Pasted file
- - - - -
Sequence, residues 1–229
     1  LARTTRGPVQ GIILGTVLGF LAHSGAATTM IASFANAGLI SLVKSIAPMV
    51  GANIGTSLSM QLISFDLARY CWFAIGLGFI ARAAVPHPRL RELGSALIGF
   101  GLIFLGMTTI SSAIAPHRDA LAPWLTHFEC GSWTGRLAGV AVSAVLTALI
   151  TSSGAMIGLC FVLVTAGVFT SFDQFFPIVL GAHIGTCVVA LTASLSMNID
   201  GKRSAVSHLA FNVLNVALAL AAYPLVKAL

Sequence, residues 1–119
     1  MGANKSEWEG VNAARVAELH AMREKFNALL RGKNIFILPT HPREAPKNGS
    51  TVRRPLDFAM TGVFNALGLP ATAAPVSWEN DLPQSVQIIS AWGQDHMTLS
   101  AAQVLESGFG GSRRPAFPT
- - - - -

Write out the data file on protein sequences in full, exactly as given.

Sequence, residues 1–229
     1  LARTTRGPVQ GIILGTVLGF LAHSGAATTM IASFANAGLI SLVKSIAPMV
    51  GANIGTSLSM QLISFDLARY CWFAIGLGFI ARAAVPHPRL RELGSALIGF
   101  GLIFLGMTTI SSAIAPHRDA LAPWLTHFEC GSWTGRLAGV AVSAVLTALI
   151  TSSGAMIGLC FVLVTAGVFT SFDQFFPIVL GAHIGTCVVA LTASLSMNID
   201  GKRSAVSHLA FNVLNVALAL AAYPLVKAL

Sequence, residues 1–119
     1  MGANKSEWEG VNAARVAELH AMREKFNALL RGKNIFILPT HPREAPKNGS
    51  TVRRPLDFAM TGVFNALGLP ATAAPVSWEN DLPQSVQIIS AWGQDHMTLS
   101  AAQVLESGFG GSRRPAFPT